When I moved from the San Francisco Bay area to Seattle for a new job, one of the first things I noticed was how many attitudes and feelings I carried over from the old workplace. Like a turtle with its personal, conveniently portable shell, I transported my own little mental environment around with me all the time, from one city to another. Monday morning I might be introduced to a new employee, Jay, just hired, someone I’d never met before. By Wednesday, having talked some with Jay in the elevator and at the copy machine, he’s beginning to remind me of Tim, my supervisor at a previous job. I’m not really sure what it is about Jay — the way he jumps right in to finish my sentences for me (just the way Tim did)? The way he seems so quick to boast about himself and his impressive family background? (Time also tended toward arrogance.) Soon — by the Friday afternoon office party — and before I even realize it, I am relating to Jay (swerving toward avoidance) mainly based on my irritating past experiences with Tim.

One day, chatting in a way that I later recognized as cruising along on automatic pilot, I begin complaining to one of my friends about this new guy at work, “Tim” — and then catch myself midsentence when I suddenly remember that there’s no one in our department by that name! My thoughts, feelings, and actions in the present are largely based on what I’m carrying over from the past, the earlier work relationship. Sound familiar? This pattern appears again and again, at work and in love, both within the family and in business relationships.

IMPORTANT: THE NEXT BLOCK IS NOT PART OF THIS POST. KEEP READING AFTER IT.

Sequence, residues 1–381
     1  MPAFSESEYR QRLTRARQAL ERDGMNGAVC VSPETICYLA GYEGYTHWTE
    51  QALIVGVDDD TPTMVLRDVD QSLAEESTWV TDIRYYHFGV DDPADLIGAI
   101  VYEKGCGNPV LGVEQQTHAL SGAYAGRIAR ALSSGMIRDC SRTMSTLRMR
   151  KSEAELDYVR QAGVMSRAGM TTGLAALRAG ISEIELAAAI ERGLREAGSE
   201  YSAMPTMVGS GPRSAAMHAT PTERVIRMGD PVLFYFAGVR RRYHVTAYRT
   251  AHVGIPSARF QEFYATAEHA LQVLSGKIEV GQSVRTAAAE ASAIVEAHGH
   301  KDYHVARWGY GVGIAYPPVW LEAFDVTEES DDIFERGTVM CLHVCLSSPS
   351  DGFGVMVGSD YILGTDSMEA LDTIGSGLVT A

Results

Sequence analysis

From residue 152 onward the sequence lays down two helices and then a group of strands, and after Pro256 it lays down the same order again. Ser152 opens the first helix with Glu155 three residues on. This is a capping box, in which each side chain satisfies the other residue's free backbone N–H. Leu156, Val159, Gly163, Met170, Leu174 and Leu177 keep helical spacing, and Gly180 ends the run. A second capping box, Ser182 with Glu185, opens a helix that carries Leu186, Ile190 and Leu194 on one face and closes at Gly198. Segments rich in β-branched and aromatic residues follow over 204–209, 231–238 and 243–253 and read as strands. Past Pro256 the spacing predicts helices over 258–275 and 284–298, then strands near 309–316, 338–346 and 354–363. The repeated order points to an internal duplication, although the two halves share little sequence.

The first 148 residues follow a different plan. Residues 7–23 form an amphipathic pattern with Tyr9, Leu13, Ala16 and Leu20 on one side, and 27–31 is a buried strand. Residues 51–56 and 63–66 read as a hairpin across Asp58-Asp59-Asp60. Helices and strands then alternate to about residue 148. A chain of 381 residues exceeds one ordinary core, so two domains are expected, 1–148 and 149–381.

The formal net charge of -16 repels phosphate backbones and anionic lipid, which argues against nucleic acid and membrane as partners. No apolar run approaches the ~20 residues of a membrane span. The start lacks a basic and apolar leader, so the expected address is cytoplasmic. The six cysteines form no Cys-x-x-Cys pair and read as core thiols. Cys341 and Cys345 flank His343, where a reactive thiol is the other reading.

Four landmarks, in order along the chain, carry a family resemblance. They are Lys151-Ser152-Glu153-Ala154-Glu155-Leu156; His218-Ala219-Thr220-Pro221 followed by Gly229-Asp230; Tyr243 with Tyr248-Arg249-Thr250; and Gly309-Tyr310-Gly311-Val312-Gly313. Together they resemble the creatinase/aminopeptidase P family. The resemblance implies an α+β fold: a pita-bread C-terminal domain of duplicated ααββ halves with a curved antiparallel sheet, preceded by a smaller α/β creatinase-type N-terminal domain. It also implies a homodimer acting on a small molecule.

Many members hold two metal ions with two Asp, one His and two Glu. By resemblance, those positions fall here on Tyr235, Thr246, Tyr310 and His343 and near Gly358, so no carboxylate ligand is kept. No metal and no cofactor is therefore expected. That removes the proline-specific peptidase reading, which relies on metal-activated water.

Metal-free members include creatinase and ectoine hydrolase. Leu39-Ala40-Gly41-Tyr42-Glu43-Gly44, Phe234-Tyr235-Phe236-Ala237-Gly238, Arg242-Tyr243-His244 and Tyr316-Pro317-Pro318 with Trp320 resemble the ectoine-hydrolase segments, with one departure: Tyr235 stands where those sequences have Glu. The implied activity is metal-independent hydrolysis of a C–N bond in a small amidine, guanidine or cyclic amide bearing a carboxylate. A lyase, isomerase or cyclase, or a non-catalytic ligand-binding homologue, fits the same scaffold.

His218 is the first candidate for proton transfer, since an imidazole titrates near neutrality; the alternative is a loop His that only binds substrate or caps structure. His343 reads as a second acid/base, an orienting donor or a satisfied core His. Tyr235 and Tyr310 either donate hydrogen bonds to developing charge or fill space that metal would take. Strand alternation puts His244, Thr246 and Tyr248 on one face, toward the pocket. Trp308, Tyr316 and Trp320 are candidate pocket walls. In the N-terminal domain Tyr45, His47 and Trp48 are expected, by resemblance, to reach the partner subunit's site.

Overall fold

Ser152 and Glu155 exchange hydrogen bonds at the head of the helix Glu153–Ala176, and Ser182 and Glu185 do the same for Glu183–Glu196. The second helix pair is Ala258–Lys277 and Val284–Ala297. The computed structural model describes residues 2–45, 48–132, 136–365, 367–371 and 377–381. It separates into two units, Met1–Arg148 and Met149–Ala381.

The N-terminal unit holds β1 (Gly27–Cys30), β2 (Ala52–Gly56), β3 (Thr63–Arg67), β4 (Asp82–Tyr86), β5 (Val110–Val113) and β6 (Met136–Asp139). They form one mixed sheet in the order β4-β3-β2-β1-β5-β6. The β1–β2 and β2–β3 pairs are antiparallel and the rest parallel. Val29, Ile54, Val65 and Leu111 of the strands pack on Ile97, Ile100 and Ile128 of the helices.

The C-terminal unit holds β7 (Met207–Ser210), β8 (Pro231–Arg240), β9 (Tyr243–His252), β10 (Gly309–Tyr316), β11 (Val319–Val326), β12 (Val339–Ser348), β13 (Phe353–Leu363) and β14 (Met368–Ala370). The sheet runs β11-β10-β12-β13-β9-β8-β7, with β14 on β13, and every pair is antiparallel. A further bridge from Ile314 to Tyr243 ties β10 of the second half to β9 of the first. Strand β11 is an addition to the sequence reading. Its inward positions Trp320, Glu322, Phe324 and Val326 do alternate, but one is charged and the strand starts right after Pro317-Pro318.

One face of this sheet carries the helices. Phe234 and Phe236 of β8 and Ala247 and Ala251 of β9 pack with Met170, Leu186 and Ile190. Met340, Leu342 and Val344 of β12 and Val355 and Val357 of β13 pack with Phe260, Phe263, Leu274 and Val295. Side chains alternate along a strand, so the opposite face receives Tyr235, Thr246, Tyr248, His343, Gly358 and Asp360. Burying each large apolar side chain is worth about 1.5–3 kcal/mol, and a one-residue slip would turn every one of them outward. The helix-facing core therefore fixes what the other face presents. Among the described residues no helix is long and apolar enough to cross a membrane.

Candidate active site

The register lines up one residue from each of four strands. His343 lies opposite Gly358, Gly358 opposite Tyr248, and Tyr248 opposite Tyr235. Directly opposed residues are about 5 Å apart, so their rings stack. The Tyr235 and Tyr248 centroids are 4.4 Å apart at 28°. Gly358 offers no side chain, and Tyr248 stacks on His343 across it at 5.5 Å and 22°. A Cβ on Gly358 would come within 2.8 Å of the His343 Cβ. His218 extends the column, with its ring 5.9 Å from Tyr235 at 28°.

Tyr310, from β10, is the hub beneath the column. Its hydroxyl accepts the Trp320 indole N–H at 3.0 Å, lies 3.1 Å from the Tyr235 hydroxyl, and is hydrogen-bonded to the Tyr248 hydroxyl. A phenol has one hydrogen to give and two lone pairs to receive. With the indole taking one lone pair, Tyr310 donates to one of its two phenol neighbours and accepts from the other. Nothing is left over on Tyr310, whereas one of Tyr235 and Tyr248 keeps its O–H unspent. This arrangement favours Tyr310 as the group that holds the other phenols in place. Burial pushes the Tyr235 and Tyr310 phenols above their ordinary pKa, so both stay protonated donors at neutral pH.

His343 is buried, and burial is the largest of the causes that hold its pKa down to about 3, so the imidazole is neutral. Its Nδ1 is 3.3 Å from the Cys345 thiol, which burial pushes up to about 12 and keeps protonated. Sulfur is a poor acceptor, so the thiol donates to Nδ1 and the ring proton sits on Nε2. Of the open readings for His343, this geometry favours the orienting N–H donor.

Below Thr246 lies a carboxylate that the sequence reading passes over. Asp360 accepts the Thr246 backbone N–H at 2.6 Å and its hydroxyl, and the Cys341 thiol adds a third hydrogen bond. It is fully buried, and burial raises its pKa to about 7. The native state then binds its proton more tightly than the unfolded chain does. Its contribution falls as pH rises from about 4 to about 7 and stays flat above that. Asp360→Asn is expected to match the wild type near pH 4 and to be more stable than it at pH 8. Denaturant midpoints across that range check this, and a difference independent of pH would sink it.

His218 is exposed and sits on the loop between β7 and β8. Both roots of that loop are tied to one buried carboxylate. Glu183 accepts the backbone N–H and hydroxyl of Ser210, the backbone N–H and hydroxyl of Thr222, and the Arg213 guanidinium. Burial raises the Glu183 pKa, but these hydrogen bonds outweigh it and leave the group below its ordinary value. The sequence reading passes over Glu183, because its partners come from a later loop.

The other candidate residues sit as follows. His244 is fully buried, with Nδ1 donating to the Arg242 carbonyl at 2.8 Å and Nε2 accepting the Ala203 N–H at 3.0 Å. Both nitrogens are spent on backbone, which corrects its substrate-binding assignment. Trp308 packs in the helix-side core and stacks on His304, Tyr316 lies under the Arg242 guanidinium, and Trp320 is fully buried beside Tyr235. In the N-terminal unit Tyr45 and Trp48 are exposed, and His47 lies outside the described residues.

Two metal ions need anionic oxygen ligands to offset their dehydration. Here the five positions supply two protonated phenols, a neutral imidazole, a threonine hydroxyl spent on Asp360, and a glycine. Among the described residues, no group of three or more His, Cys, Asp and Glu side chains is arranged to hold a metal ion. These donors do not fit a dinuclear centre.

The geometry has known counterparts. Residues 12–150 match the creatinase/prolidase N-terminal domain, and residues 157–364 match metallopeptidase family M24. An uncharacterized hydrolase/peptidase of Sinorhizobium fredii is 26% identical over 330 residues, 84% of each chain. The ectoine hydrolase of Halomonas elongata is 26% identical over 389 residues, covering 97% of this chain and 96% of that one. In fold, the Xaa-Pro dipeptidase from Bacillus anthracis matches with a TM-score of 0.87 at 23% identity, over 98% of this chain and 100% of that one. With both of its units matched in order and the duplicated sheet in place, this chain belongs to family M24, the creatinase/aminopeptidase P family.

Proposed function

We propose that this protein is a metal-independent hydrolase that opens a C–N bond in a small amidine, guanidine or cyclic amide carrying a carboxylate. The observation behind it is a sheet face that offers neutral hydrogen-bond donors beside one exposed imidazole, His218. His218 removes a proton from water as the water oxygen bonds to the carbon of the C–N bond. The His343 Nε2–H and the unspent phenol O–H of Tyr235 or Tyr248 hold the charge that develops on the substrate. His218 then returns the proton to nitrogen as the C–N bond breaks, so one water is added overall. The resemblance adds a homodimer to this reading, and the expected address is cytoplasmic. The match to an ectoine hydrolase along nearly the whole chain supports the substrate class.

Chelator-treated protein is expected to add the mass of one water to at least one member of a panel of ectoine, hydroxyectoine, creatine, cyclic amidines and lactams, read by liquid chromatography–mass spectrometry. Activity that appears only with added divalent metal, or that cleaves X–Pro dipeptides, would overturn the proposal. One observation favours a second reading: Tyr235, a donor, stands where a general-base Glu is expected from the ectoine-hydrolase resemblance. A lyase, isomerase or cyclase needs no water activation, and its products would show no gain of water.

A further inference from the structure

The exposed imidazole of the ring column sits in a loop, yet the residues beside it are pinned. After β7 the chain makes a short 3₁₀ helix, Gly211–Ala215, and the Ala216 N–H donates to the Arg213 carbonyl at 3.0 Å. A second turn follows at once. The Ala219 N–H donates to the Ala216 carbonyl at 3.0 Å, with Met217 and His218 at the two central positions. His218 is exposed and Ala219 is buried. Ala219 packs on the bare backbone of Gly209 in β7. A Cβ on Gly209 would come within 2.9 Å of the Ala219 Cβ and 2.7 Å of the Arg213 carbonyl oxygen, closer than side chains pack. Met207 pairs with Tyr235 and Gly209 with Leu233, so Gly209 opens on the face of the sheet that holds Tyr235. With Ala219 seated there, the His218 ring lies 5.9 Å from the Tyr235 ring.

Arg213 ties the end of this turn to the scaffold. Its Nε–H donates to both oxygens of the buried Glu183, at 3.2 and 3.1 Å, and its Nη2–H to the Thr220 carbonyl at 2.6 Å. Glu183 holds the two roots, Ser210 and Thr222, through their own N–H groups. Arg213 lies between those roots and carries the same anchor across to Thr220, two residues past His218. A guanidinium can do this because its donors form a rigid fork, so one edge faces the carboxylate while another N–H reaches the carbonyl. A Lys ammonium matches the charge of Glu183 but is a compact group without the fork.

This has very little to do with experience in the present. After all, I’ve only just met Jay, but already I recognize him as a certain type that I’ve had difficulties with in the past. Prompted by this experience of emotional hangover, I move through my day with a slightly heightened awareness of this recurrent pattern. Now I’m noticing example after example of this repeated framing of the present in the long-gone terms of the past. “Here it is again, just like last week’s planning session. Jane is criticizing the whole team, so it’s gonna be one of those meetings.” “She reminds me of Karen, my old friend from college. They have the same wacky sense of humor. Probably we will get to be great friends.” “Here comes another week of predictable hassles with Gerald about receipts and reimbursements.” “I hope my boss likes my work on the new projects as much as he did last quarter.” Clearly, most of my hopes and fears about the future are based on what went well — or badly — in the past. Yesterday, last week, the previous year, the last time we faced a similar challenge — the past seems to haunt the present like the hosts that come back to taunt old Scrooge. Memories accumulate and spread like mold. Soon the mushrooming projections from the past entirely fill the space of the future.

The more I notice this sum of thoughts (mentally carried over from the past) shaping my reactions in the present, the more I feel the pinch of the sleepwalking state. That pinch is the awakening of insight. I’ve caught a glimpse of my internal cage, the tight, mental prison I drag along with me wherever I go. Living inside the turtle’s shell no longer seems so cozy. Even if Jay turns out to be very different from Tim, I will probably mistake many of these differences as just more of the “same old, same old.” I will miss a lot, perhaps most, of what’s new and fresh this moment.

This is humbling: the root of my dissatisfaction is not with others — my partner or the coworkers at my job or the new neighbors. One great Tibetan meditation teacher counseled that seeing bad qualities in others is like looking in the mirror and discovering the dirt on one’s own face. Yet, as humbling as this glimpse of the truth of pervasive distraction and projection can be, it is an insight. I discover that I’m repeatedly tuning in to the replay of mental reruns from similar situations in the past. As a result, my perceptions, feelings, and reactions are often stale and hollow — like the canned laughter of an old television show. Insight lets us see that it’s time to change channels — or turn off the TV entirely.